20 November 2017: Filter bubble

Filter bubble (a):

The stock market’s ‘split personality’ could set off a correction at any moment. — CNBC
Stock Market More Correction Ahead? — The Market Oracle
JPMorgan Chase Is Worried About the Stock Market. — Motley Fool
Watch For Signs Of A November Correction. — Forbes
Today’s apparently calm market disguises a rapidly brewing storm. — The Globe and Mail
If bonds are right, a steep equity correction is underway. — FXStreet
Wall Street bull warns a major pullback is near, and here’s what could spark it. — CNBC
‘The Great Crash of 2018’ will start in bond market. — RT.com
Has The Plunge Begun? — Seeking Alpha

Filter bubble (b):

Rally on! Here’s why the stock market has at least another 10 percent to go. — CNBC
Why You Shouldn’t Worry About a Correction. — Daily Reckoning
Relax, the stock market’s end isn’t nigh. (You’ve got a year or so) — The Globe and Mail
There will probably be a pullback, but it won’t ruin the bull market… — CNBC
Bull Market Can Keep Going, Says Kleinwort Hambros — Morningstar
Why rate hikes won’t endanger this bull market. — Interactive Investor
Stock bull market far from over. — Reuters UK
Experts upbeat on stock market, economy in the year ahead. — InvestmentNews

Are you living in one of these filter bubbles? Then this could be a good time to step out of your filter bubble / echo chamber / comfort zone, and to stop reading content that reaffirms your view — it might enlighten you.


white-chapel-logo-smallThe S&P 500 and the Dow pulled back last week, losing their upward momentum as uncertainty surrounding tax reform prospects kept investors on guard. The S&P lost 0.26% on Friday, the Dow 0.43%. For the first time since August, both indices posted a two-week losing streak. The S&P 500 closed with a weekly loss of 0.13%, the Dow closed 0.27% lower for the week. The NASDAQ struggled on Friday (-0.15%) but managed to end the week higher with a gain of almost 0.5%. Volatility stayed at a higher level than average during recent weeks. The VIX didn’t see single digits territory last week, hovering between the level of 11 and 12 points, with the exception of Wednesday, when a short-lived spike pushed it above 14 points. The VIX closed Friday at 11.43 points, only marginally higher (1.2%) than the week before, but down for the day: -2.8%. UVXY ETFs took another step back because of this: -3%. XIV ETNs gained 1.6%.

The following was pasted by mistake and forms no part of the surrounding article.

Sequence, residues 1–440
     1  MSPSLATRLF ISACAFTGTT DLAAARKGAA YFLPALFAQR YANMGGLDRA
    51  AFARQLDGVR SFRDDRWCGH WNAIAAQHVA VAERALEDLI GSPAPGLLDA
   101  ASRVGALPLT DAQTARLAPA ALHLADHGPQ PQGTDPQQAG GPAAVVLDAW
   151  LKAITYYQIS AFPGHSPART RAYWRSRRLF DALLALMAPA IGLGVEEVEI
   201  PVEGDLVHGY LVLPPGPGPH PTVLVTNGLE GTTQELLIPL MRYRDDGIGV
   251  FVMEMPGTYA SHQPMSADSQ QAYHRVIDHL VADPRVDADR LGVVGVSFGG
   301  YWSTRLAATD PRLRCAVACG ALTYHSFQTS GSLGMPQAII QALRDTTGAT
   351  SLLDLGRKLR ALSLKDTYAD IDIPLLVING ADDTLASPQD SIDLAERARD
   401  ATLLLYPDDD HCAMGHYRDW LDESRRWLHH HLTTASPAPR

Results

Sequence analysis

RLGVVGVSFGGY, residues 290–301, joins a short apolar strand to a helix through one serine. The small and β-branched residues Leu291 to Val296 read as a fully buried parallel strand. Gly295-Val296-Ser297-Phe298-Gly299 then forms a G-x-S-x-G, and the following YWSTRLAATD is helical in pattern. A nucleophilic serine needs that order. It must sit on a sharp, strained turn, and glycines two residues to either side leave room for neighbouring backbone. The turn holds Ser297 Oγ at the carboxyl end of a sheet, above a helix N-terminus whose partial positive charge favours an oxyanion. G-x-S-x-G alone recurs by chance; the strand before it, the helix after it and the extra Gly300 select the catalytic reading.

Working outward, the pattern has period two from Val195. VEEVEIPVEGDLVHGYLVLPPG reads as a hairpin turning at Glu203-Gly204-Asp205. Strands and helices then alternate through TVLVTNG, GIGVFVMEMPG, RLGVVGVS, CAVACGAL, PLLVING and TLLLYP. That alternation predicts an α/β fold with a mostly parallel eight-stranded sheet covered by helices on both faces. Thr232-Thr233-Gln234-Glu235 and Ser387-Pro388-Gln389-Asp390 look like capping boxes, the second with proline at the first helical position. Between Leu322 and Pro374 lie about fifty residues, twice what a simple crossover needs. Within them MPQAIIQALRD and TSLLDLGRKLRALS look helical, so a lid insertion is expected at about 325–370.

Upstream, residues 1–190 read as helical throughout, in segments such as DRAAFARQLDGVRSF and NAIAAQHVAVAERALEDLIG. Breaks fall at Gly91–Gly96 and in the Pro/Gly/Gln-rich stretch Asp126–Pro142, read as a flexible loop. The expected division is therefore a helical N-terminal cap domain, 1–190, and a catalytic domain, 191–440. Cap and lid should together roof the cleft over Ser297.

Danny Daredevil stepped back a bit further Friday. His RSS now stands at 29%. Last Wednesday, it seemed he had shaken off his negative ‘Quarter-To-Date’ return, but apparently his time (still) hasn’t come yet. Easing volatility on both Thursday and Friday caused his QTD to slide back into the red: -7%. Adventurous Anny is still holding a cash position, so her RSS remains at 15%. Solid Suzy and Lazy Larry did well Friday. Their RSS rose with almost three percentage points, to more than 64%.
None of our models gave a trading signal at the end of Friday’s session. Due to a change in market momentum, a trading signal is now further away than last Monday, when we reported ‘there may be one just around the corner’.

Model Holds Start date





Danny Daredevil UVXY 1 January 2016





Adventurous Anny Cash 6 March 2017





Solid Suzy XIV 6 March 2017





Lazy Larry
XIV 6 March 2017





RSS = Return Since Start | YTD = Year-To-Date | QTD = Quarter-To-Date | AAR = Average Annual Return


Meanwhile in Japan

Sandan-kyō. The sign at the entrance of the gorge says: “Special Place of Scenic Beauty. Sandan-kyō is a gorge formed of approximately 16 kilometers of rhyolite and granite, spanning from Shiwagi to Hijiriko and Yokogoguchi. If the land protrudes, erosion by the river creates a waterfall at the tip of the valley. When the waterfall retreats upstream, a deep ravine is formed, and a waterfall appears at the boundary with a branch that has less carving force. At the upper stream of Nidandaki and Sandandaki are many waterfall groups which are still retreating, and a grand revine [sic] is formed at the downstream, with 40 degrees of inclination and 600 meters of height.”
To read the last sentence of this text before you start the long climb, is one thing. But to really grasp just how it feels to stand at the edge of a ravine ‘with 40 degrees of inclination and 600 meters of height’, with not much of a fence between you and the abyss, is quite another!